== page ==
Hyperthyroidism is the result of an over-functioning thyroid gland. The circulating T3 & T4 levels are high and TSH (Thyroid Stimulating Hormone) is low.
Graves disease is the most common cause of hyperthyroidism. Others include viral thyroiditis, excess dietary intake of iodine, overdose of thyroxine, functional thyroid adenoma and toxic multinodular goitre. Taking thyroid hormone as a health supplement should be discouraged and avoided in euthyroid individuals as it can cause life-threatening effects of hyperthyroidism such as cardiac failure, atrial fibrillation etc.
Duration and incidence of hyperthyroidism
Hyperthyroidism is a transient state of hyper-function of the thyroid gland. It doesn’t last longer than a few months. However, autoimmune thyroiditis (Grave’s disease) can be life long. More than 1 million cases of hyperthyroidism are diagnosed in India every year.
Common symptoms of hyperthyroidism are:
- Intolerance to heat
- Restlessness, irritability, nervousness, anxiety
- Increased appetite
- Weight loss
- Excessive sweating
- Brittle hair
- Frequent bowel movements
- Disturbed sleep
- Heavy menstrual flow
- Tachycardia – rapid heart rate
- Reduced attention span
- Thyroid swelling – goiter
- Low cholesterol
Hyperthyroidism in elderly
Irregular heartbeats and palpitation are seen in the elderly with hyperthyroidism. Very severe hyperthyroidism can present with delirium, confusion, fever, high blood pressure and congestive heart failure. Osteoporosis is another finding commonly seen in the older population with this condition.
Blood tests for checking the level of T3, T4 and TSH can detect hyperthyroidism. Along with these tests, lipid profile will show low levels of cholesterol and LDL due to increased metabolism. Ultrasound of the neck is advised to detect changes in the thyroid tissue. Nuclear scans detect radioactive tracer uptake by the thyroid gland. MRI and CT scans of the brain are only advised when an advanced neck disease or a pituitary tumour is suspected.
A hyperthyroid patient will have cardiac and cognitive dysfunction. These need to be addressed along with the primary cause of increased thyroid hormone production. Surgery, radio-iodine therapy and medications – all have a role to play.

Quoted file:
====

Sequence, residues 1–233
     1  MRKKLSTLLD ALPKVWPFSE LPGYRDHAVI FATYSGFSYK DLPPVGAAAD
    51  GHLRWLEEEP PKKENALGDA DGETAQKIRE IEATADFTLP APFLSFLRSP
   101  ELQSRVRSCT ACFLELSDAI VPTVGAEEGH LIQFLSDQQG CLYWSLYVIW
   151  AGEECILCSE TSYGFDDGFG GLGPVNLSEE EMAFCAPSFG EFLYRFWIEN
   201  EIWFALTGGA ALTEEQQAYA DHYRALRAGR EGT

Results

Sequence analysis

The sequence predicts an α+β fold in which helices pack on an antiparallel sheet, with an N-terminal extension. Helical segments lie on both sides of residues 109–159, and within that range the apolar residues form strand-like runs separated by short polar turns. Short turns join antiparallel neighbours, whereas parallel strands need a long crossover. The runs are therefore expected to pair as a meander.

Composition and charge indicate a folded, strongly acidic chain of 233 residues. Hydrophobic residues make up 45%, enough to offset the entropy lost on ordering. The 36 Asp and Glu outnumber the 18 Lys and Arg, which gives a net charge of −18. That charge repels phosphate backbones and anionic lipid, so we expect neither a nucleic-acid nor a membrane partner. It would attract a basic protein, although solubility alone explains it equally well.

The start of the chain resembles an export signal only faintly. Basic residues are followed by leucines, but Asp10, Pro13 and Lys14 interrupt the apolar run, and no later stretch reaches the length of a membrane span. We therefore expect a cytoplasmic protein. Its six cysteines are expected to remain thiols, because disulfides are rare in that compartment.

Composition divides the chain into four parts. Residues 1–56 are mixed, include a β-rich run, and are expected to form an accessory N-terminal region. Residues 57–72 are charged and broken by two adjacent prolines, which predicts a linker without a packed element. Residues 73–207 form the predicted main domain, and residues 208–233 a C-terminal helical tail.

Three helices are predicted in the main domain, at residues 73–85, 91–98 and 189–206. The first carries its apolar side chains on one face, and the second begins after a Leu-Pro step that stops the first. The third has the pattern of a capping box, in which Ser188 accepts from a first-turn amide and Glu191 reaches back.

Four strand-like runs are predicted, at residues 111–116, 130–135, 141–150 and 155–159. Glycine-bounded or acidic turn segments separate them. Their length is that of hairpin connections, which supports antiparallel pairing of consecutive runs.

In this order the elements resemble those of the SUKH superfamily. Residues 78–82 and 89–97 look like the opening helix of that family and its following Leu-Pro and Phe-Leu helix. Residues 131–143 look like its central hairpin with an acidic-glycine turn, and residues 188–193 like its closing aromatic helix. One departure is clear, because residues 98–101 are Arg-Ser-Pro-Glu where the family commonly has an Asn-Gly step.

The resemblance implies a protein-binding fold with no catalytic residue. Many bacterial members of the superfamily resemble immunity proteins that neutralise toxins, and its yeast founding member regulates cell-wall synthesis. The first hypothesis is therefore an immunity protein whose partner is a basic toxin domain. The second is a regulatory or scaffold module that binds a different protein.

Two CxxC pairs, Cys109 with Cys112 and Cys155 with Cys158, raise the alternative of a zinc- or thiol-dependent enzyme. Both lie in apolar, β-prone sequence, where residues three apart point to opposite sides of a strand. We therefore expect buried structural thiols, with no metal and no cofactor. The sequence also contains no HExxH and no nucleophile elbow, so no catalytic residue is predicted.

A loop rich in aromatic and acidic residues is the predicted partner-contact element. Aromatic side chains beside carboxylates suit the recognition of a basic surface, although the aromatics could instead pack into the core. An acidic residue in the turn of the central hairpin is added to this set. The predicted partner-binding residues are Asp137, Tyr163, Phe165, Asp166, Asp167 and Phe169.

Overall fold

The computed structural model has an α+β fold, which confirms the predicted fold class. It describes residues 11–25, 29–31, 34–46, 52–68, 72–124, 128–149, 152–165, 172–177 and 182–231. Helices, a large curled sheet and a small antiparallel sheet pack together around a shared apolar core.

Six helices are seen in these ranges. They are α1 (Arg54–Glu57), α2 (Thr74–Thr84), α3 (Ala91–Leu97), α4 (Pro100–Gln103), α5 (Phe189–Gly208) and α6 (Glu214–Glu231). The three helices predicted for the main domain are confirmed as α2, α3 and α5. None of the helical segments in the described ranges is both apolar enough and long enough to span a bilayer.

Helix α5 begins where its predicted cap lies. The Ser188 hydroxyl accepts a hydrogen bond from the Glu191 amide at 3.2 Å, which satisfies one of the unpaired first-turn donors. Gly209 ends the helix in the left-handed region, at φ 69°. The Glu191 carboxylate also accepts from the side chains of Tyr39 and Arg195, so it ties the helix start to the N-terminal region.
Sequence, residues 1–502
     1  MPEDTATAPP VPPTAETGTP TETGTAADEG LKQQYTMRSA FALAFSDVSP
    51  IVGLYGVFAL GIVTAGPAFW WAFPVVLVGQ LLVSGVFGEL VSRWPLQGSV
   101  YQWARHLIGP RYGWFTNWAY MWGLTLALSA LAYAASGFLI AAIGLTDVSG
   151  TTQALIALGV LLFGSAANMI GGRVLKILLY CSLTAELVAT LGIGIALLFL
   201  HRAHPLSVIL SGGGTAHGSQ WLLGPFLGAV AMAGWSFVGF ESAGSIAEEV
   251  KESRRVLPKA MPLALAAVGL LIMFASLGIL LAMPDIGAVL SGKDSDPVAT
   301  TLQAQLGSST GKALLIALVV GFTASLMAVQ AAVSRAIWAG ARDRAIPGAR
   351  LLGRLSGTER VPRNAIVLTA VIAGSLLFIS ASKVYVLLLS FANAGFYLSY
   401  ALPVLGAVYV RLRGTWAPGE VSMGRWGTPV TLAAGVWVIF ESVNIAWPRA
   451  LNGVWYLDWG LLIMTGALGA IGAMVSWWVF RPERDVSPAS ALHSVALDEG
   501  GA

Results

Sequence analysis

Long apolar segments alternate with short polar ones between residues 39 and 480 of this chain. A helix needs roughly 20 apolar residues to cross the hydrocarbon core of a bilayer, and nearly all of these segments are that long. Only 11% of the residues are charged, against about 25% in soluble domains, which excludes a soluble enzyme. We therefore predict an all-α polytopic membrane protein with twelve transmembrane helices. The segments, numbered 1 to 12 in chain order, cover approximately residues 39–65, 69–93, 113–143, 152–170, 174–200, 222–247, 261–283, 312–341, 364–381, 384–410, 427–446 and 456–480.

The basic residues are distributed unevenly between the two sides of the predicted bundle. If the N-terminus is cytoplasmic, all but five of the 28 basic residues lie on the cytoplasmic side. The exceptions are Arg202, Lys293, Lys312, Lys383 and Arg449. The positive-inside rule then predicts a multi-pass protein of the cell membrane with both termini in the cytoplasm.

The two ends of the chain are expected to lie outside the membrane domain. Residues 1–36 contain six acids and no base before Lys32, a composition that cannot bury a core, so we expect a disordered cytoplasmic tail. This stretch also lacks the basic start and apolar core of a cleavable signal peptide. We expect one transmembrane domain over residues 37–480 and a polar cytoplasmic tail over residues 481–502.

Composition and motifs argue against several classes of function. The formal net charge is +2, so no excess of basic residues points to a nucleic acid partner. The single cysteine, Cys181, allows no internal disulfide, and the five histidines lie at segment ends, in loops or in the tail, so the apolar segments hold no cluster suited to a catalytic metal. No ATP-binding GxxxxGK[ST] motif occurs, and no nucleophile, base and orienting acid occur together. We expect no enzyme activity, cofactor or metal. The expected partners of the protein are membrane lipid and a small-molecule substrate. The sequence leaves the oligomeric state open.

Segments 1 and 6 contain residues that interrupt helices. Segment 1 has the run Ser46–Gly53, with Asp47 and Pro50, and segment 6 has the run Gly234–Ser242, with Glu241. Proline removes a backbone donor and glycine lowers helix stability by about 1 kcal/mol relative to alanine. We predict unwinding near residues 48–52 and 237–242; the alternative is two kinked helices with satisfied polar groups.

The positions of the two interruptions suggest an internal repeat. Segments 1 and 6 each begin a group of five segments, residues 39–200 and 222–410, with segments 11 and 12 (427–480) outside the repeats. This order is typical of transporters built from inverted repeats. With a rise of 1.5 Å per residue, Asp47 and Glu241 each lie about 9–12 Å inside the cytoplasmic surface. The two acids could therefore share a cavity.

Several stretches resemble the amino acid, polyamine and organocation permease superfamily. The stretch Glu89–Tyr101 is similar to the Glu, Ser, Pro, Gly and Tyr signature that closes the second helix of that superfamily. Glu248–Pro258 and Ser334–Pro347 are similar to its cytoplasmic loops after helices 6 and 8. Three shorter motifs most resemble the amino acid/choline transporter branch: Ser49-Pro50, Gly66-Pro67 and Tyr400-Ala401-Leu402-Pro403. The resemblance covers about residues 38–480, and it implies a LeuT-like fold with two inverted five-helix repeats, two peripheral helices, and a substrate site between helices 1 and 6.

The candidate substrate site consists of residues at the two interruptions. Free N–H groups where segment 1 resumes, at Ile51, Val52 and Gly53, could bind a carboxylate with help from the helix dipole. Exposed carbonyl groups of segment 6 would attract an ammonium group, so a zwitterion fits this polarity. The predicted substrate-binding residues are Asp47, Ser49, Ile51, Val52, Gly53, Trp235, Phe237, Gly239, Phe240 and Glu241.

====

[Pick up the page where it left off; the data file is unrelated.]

Surgical removal of the gland i.e. total thyroidectomy for a toxic multinodular goitre, hemithyroidectomy for a functional adenoma of the thyroid gland are a safe option for the treatment of hyperthyroidism in a select group of patients. This removed the gland in toto or partially and makes the patient hypothyroid. The hypothyroid patient can be easily treated with thyroxine supplementation. Complications of the surgery include voice change and injury to the parathyroid gland.
Radioactive Iodine is given orally to the patient, it is absorbed by the gut and concentrates in the thyroid. In the thyroid, radioactive Iodine (I-131) produces radiation that destroys the thyroid tissue, rendering the patient hypothyroid. The hypothyroid state is corrected by exogenous thyroxine supplementation.
Medications for hyperthyroidism
Propylthiouracil, methimazole and carbimazole are the three anti-thyroid drugs approved for the treatment of hyperthyroidism. They belong to a group of drugs called thionamides. These are actively taken up by the thyroid cells and act by inhibiting the thyroid peroxidase enzyme, a key enzyme in the formation of thyroid hormone. They also have an immunosuppressive action important in treating the intrathyroidal inflammation seen in thyroiditis.
Thyroid hormones induce the expression of beta-adrenergic receptors in various tissues. Beta-blockers bind with these receptors and reduce the beta-adrenergic activity. These symptoms include – tremors, tachycardia, restlessness, palpitation, anxiety and heat intolerance.